There will be no post tonight…

by Brian

It is my job to post tonight, but I went out with Mikey this evening to work on our much anticipated 50th post, which took precidence over my Ruth’s Chris adventure. For those of you expecting a glowing review of Ruth’s Chris, it will come, but please still read…

Instead, I would like to just say that food should not be something that we take for granted. Everything that we eat is worked for,  and died for. Recently, I have become aware of the immense suffering that is involved in animal agriculture.  I have been made aware of its cruelty and its unnecessary waste.  I would encourage everyone to adopt a more vegetable and fruit centered diet because the little sacrifices do add up, kind of like turning off a light when you leave the room.  Am I saying that you shouldn’t eat meat, eggs, cheese and milk?  NO!  But I am asking that you take a more involved position in how those things come to be on our table?  Absolutely!

In the past few weeks my life has changed dramatically.   My perspective has changed, and I have come to realize that the only thing that I can do is commit myself to helping others.  I realize that chicken, fish, pork and beef taste great.  I like them too.  All I ask is that we be more conscious of our decisions when we eat these products.  I won’t go into detail on the myriad ways that animal agriculture harm our bodies and our environment, but I will say that there are vendors out there who conduct themselves in a manner that would help me eat with a more clear and compassionate mind.

Most people refuse to look at the facts.  Instead of causing frustration with my argument, I wish to make myself available to all who have questions.  I have great books and material that you can read to give you some insight as to the full and lasting consequence of our current agricultural choices.

I ate a meal that would make the devil blush, just this past tuesday.  Do I feel guilty?  No.  It was part of living life.  It was about experience and choice and personal freedom.  Do I think eating animals is wrong?  No.  I think that the way we  raise and confine animals before slaughter is morally reprehensible.

Anyone who hears the story about a cow that breaks through a fence and travels 20 miles to find her calf, must understand that these animals suffer the same heartbreak and loss that we do with our own children.  I do not dispute that animals exist under the dominion of man.  My only question is, do we really need to exploit this gift at the expense of our agriculture, our climate, and our fellow man?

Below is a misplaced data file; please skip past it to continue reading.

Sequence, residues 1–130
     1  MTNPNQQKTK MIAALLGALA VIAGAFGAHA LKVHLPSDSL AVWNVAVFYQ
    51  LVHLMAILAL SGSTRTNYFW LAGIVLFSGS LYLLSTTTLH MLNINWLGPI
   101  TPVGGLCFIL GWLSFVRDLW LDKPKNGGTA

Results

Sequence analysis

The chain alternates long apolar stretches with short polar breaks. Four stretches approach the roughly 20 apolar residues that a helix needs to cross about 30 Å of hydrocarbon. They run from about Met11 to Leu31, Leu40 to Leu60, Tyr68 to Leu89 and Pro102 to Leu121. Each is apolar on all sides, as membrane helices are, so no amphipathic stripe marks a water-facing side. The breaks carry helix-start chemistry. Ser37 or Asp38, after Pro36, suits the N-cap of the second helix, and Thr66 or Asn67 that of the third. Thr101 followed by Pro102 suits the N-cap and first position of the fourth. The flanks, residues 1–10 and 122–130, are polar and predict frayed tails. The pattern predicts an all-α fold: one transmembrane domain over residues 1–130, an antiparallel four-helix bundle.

If more people knew what that pound of beef on your grocery shelf cost, then maybe more people would consider leaving it on the shelf.

I love eating food as much as the next guy, but  I want everyone to understand that everything we eat has a real cost.  Soon, I will write a review on all of the fantastic things I experienced in one night of culinary pleasure.  But don’t think for one second that I didn’t appreciate all of the sacrifice that had to happen just to make it possible.

We are all blessed.  Hopefully we can throw off this veil of ignorance and truly appreciate all of the gifts that we have been given.

Thank you for reading, I swear tomorrow will be funny.

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3 Comments

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3 responses to “There will be no post tonight…

  1. I totally respect your compassion regarding this subject. I have had many conversations with friends who are very cognizant of the impact their food choices have on the world around them. From eating meat raised in humane settings to buying local, organic fruit and vegetables.

    My sister lives in Prescott, Az and finds it very easy to participate in the CSA (community supported agriculture – http://www.localharvest.org/csa/) and find locally grown and humanely treated meat, as well as visiting the farmer’s market every week. She has made these decisions a part of her life. But while it is built-in in her community, in some areas it is much more difficult and expensive to make these choices.

    Often, I look at the organic meat going for 3 x conventional and instead of only serving meat once a week at that price, I head over to the grocery store and buy the cheaper stuff. Or I look at the organic carrots and realize I’m paying a dollar more for half the product and even though I know it is better for my children, I choose the less expensive option. Why? Partly economics, part laziness, part selfishness.

    When you have kids you struggle with teaching them that their actions have impact beyond their own reach. Teaching them morals and values, yes, but this particular idea seems to be the hardest because we preach it, but do not DO it. We hold ourselves accountable for what we say and do unless the implications can be easily swept under the rug and hidden from view. Children sense this.

    Thank you for reminding me that I can have these conversations with my children. Let them know that choosing what they eat does in fact impact the world around them. I must then answer for the fact that I buy hamburger from the grocery store or mangoes flown in from Chile. I’m fine with that. However egocentric it is, my answer would be that I want to live a full life (food is an important part of that) and also learn to make better decisions one step at a time. Just being aware of how my decisions impact others is a first step that a lot of people ignore.

  2. Even if I have to go out and slaughter that animal myself, I am still going to eat animals no matter how inhumane they are treated. Survival of the fittest my friends and yes I think we need to torture more people in prison

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